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# Gumbel and extreme value distributions

Extreme value distributions are limiting or asymptotic distributions that describe the distribution of the maximum or minimum value drawn from a sample of size n as n becomes large, from an underlying family of distributions (typically the family of Exponential distributions, which includes the Exponential, Gamma, Normal, Weibull and Lognormal). When considering the distribution of minimum values for which a lower bound is known (e.g. there is a lower bound of zero) then the Weibull distribution should be used in preference to the Gumbel. The two distributions are closely related: if X has a Weibull distribution with parameters α and c, then log(X) has an extreme value distribution with parameters µ=log α and β=1/c.

The Gumbel is sometimes referred to as a Log-Weibull, Gompertz or Fisher-Tippett distribution and is a particular case (Type I) of the generalized extreme value distribution. The pdf of the Gumbel distribution is: with cdf: The parameter μ is the mode of the distribution, so the sample mode (if easily determined) in conjunction with the sample mean may be used to assist in estimation. Alternatively the median (more easily determined) or maximum likelihood estimation (MLE) methods can be employed. The skewness and kurtosis of the distribution are constants. Sample graphs of the Gumbel pdf are shown below, with key measures provided in the table that follows. We then look at a simple example of the distribution in action.

Gumbel distribution Mean

μ+βγ

γ is Euler's constant: 0.5772156649...

Mode

μ

Median

μ-βk

k=ln(ln(2))

Variance

(βπ)2/6

Skewness ζ(3) is Apery's constant (from the Riemann zeta function)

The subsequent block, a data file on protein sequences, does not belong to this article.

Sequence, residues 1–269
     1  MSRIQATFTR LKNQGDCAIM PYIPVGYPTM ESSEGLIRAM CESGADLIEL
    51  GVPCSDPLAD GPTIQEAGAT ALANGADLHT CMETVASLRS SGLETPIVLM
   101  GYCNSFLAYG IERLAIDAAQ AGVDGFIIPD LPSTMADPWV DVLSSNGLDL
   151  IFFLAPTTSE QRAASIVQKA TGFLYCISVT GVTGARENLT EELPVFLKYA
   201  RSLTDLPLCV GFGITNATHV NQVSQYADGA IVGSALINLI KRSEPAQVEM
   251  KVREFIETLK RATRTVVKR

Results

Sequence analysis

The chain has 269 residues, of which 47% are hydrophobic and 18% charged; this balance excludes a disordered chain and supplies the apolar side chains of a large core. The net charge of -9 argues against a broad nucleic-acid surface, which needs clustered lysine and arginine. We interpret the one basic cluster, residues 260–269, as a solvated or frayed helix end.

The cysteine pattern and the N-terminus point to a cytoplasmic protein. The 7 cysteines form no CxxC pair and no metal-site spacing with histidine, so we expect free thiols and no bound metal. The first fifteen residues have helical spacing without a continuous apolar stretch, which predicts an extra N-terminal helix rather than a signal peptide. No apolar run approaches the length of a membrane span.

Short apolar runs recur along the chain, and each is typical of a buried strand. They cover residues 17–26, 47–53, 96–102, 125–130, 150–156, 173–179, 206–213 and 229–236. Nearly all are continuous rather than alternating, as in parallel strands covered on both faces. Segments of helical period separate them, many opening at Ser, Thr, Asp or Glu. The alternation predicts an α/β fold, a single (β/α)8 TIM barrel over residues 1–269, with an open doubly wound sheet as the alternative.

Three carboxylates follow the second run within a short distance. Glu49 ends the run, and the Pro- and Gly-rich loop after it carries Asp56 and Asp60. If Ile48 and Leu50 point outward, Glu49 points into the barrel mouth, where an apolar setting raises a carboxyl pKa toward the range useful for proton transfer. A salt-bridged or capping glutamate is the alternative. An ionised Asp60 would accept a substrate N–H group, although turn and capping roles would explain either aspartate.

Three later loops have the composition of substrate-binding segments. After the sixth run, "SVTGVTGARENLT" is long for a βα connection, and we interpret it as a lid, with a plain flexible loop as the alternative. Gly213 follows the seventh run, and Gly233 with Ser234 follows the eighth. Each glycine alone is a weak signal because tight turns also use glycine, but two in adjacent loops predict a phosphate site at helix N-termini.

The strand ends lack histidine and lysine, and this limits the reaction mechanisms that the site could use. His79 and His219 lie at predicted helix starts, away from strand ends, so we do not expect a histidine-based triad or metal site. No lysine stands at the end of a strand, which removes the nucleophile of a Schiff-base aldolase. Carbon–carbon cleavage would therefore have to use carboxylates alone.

Kurtosis

12/5

MGF Example: extreme values

In the following example we have taken batches of random samples from a unit Normal. Each batch consisted of 500 random values, and the largest value was then recorded. The process was repeated 1000 times, so a large sample of random extreme (maximum) values was obtained. The frequency distribution of these values was then plotted, as shown below. We know from the Normal distribution that very few values will be 3 or more standard deviations from the mean, but in a sample of 500 there is a reasonable chance that the largest value seen will be greater than 2, and quite a few times values of greater than 3 or 4 will be observed. The histogram reflects this, with a slight positive skew and mode around 3. Also shown is a fitted Gumbel distribution (fitted using iterative methods) confirming its value as a model in such cases. If minimum values were analyzed instead, the same pattern would be observed but with a mode at around -3 and a slight negative skew.

Maximum values from 1000 random unit Normal samples of 500 We can now use this result to model a practical problem. Suppose that a particular chemical compound, A, is used in combination with other substances to produce oral drug tablets. The number of milligrams of compound A is specified and must not exceed a stated maximum value. The manufacturing process produces the drug in batches. A series of initial test batches are produced and the exact chemical makeup is analyzed, with the maximum values in milligrams for compound A in each test batch being recorded. For example, a total of 10 test batches might have been produced. These 10 values are then used to obtain estimates of the parameters of a Gumbel distribution (typically using maximum likelihood estimation) and the probability of obtaining a production batch with greater than the maximum value acceptable can then be calculated from the fitted cumulative distribution. Similar ideas can be applied to estimation of the probability of extreme events, such as damaging waves and storms, floods, and device and materials failures.

To confirm that this kind of result does not just apply to samples from a Normal distribution, we have repeated the exercise but with data from an Exponential distribution with mean=1, so the variance also equals 1. Because this distribution is very long tailed, and bounded by zero from below, only maximum values are considered here, and again the Gumbel distribution provides a good fit as shown below:

Maximum values from 1000 random Exponential samples of 500 with mean value 1 References

[JOH1] Johnson N L, Kotz S (1970) Continuous Univariate Distributions, I. Houghton Mifflin/J Wiley & Sons, New York

[NIST} NIST: eHandbook: Extreme value distributions: http://www.itl.nist.gov/div898/handbook/apr/section1/apr163.htm

Mathworld: Weisstein E W: Gumbel distribution: http://mathworld.wolfram.com/GumbelDistribution.html

Wikipedia: Gumbel distribution: http://en.wikipedia.org/wiki/Gumbel_distribution